The Russia-Ukraine Crisis: A Scorecard on Biden’s Response
U.S. officials have preserved NATO unity in the face of Russian military threats, but they have not yet defined a clear negotiating agenda—or put Moscow on the rhetorical defensive.
With large numbers of Russian troops massed on the border with Ukraine and Russian President Vladimir Putin regularly issuing new threats, U.S. President Joe Biden’s administration faces a genuine danger of war in Europe. How well have the president and his senior advisors handled the crisis? The record is mixed: they have shown diplomatic skill in some elements of their response but have conveyed confusion in others. The administration may yet be able to defuse tensions, but it needs to work harder at exposing the absurdity of many Russian demands—and preserving U.S. freedom of action.
High marks. U.S. policy has been most successful in two important areas. First, it has been able to maintain near-total unanimity within the North Atlantic Treaty Organization (NATO). Meeting in Latvia in early December, the alliance’s foreign ministers condemned Russian military pressures on Ukraine. Subsequent meetings, both in Washington and in European capitals, have shown similar unity. Second, these statements sent the same strong message: a Russian invasion would trigger new U.S. and European sanctions dwarfing those that followed the 2014 crisis, when Russia seized Crimea and started the separatist war in eastern Ukraine. European leaders, many feared, would muddy this message in separate meetings or calls with Putin, but they haven’t done so.
A passing grade—with question marks. Other elements of the administration’s record are more problematic. It has tried (appropriately) to defuse the crisis by moving from possible military confrontation to diplomatic give-and-take. Biden held a video meeting with Putin, and a face-to-face meeting could follow. Also, senior U.S. officials visited Moscow to explore Russian complaints, and more formal talks are expected in January. Jake Sullivan, Biden’s national security advisor, has described the agenda of such talks as the same one the United States and Russia have discussed “for decades,” meaning items such as force levels and deployments in Europe or the range and capabilities of advanced weapons systems.
Yet none of these negotiations granted Russia the “sphere of influence” that now seems its primary goal. Putin and his advisors are clearly determined to get Western governments to put this issue on the agenda of new talks. In reply, U.S. officials have labeled some Russian demands, such as the removal of NATO troops and weapons from states that joined the alliance after the Cold War, “unacceptable.” They have not, however, dispelled the impression that Washington will eventually agree to discuss these demands—or that Putin’s military threats have obliged them to do so.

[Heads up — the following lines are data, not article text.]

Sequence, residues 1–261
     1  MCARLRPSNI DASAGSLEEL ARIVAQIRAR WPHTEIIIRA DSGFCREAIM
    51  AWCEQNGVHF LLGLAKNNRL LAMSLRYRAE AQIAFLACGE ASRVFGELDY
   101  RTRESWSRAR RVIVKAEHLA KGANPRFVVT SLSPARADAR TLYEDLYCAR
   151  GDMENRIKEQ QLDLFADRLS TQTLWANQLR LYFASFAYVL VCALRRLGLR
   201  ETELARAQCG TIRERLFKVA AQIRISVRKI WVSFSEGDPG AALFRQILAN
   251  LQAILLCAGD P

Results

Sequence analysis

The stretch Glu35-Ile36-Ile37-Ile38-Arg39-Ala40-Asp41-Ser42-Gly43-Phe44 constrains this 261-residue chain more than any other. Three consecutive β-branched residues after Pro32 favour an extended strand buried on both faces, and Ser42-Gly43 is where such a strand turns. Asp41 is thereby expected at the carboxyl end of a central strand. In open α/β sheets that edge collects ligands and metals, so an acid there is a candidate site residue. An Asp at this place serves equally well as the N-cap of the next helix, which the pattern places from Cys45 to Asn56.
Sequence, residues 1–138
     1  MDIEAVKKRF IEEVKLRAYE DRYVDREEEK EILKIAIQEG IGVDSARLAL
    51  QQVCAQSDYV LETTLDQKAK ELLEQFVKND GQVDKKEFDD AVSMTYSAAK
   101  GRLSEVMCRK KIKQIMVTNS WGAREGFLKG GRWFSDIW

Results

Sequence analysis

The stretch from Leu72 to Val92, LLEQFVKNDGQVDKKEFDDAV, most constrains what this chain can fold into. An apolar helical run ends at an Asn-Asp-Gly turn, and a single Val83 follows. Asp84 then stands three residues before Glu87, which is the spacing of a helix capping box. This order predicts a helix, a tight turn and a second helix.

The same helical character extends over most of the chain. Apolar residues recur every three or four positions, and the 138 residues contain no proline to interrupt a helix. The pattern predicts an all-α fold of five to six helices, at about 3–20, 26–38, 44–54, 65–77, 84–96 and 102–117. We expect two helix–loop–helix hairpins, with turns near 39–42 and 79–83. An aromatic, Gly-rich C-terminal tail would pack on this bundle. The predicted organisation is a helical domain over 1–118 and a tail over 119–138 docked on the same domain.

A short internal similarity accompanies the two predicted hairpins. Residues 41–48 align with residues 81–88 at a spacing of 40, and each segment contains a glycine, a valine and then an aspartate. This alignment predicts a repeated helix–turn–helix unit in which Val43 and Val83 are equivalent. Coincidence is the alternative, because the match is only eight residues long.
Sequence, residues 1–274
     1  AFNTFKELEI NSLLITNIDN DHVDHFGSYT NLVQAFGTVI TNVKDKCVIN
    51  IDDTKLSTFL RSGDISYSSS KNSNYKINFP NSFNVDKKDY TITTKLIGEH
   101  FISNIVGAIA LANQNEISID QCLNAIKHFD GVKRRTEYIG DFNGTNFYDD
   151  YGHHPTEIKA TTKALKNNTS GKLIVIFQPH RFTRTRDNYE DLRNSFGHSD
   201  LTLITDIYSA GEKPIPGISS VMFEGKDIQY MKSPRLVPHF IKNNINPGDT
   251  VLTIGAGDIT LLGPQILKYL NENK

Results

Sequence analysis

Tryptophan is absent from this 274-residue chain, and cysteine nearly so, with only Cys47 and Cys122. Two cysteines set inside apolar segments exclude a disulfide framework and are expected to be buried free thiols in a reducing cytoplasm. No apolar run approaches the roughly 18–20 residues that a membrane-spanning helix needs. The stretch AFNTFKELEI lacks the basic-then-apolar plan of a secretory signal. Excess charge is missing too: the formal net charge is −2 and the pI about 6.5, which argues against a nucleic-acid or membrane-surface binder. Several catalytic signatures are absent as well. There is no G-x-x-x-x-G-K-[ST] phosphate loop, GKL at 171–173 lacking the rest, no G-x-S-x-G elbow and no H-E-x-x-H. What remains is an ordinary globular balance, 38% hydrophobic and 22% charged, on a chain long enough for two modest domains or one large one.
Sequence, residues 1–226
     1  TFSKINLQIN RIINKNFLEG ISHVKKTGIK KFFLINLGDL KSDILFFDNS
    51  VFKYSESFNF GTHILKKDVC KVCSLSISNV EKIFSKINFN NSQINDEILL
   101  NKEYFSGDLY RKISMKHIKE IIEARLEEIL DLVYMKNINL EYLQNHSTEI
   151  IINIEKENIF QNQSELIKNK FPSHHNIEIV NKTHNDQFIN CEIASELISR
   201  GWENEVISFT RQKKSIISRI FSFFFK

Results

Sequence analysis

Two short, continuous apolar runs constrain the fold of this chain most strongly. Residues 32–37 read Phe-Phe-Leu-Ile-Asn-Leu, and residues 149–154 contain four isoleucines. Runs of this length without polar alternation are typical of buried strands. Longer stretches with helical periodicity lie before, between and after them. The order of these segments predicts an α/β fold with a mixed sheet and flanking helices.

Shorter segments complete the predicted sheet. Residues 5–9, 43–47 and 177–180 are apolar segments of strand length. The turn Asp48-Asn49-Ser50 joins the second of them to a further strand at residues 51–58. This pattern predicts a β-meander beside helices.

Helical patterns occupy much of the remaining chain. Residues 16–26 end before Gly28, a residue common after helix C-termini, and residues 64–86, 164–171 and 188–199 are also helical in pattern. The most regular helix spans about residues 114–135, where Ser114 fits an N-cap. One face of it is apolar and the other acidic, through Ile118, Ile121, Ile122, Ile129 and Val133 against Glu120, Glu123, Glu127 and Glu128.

Flunking the test. The Biden administration’s record has been weakest in two critical areas. First, it has made no sustained effort to counter Putin’s insistence that he is merely responding to the West’s own “obviously aggressive stance”—crucial for Russian domestic audiences. The Kremlin’s claim that NATO threatens Russian security is belied by the tiny, partly symbolic Western military presence in, for example, the three Baltic states. (U.S. rotational deployments are greatest in Lithuania and usually top out at about six hundred troops.) That such forces create a serious defense capability is dubious at best; that they represent an offensive threat of any kind is laughable.
Second, in threatening economic sanctions in the event of further aggression against Ukraine, Washington is downplaying other measures that might be needed even if Russia calls off an invasion. After the Cold War, NATO built no permanent military presence in Eastern Europe, and troop levels in Western Europe declined sharply. Only marginal forward deployments followed the 2014 crisis. Now, Putin’s actions and rhetoric are forcing a reexamination of this strategy. U.S. officials should make clear that future force levels will depend above all on how much Moscow threatens its neighbors. The Biden administration’s handling of the current crisis will be measured by whether the United States remains free to give allies and partners the support they need to keep Europe at peace.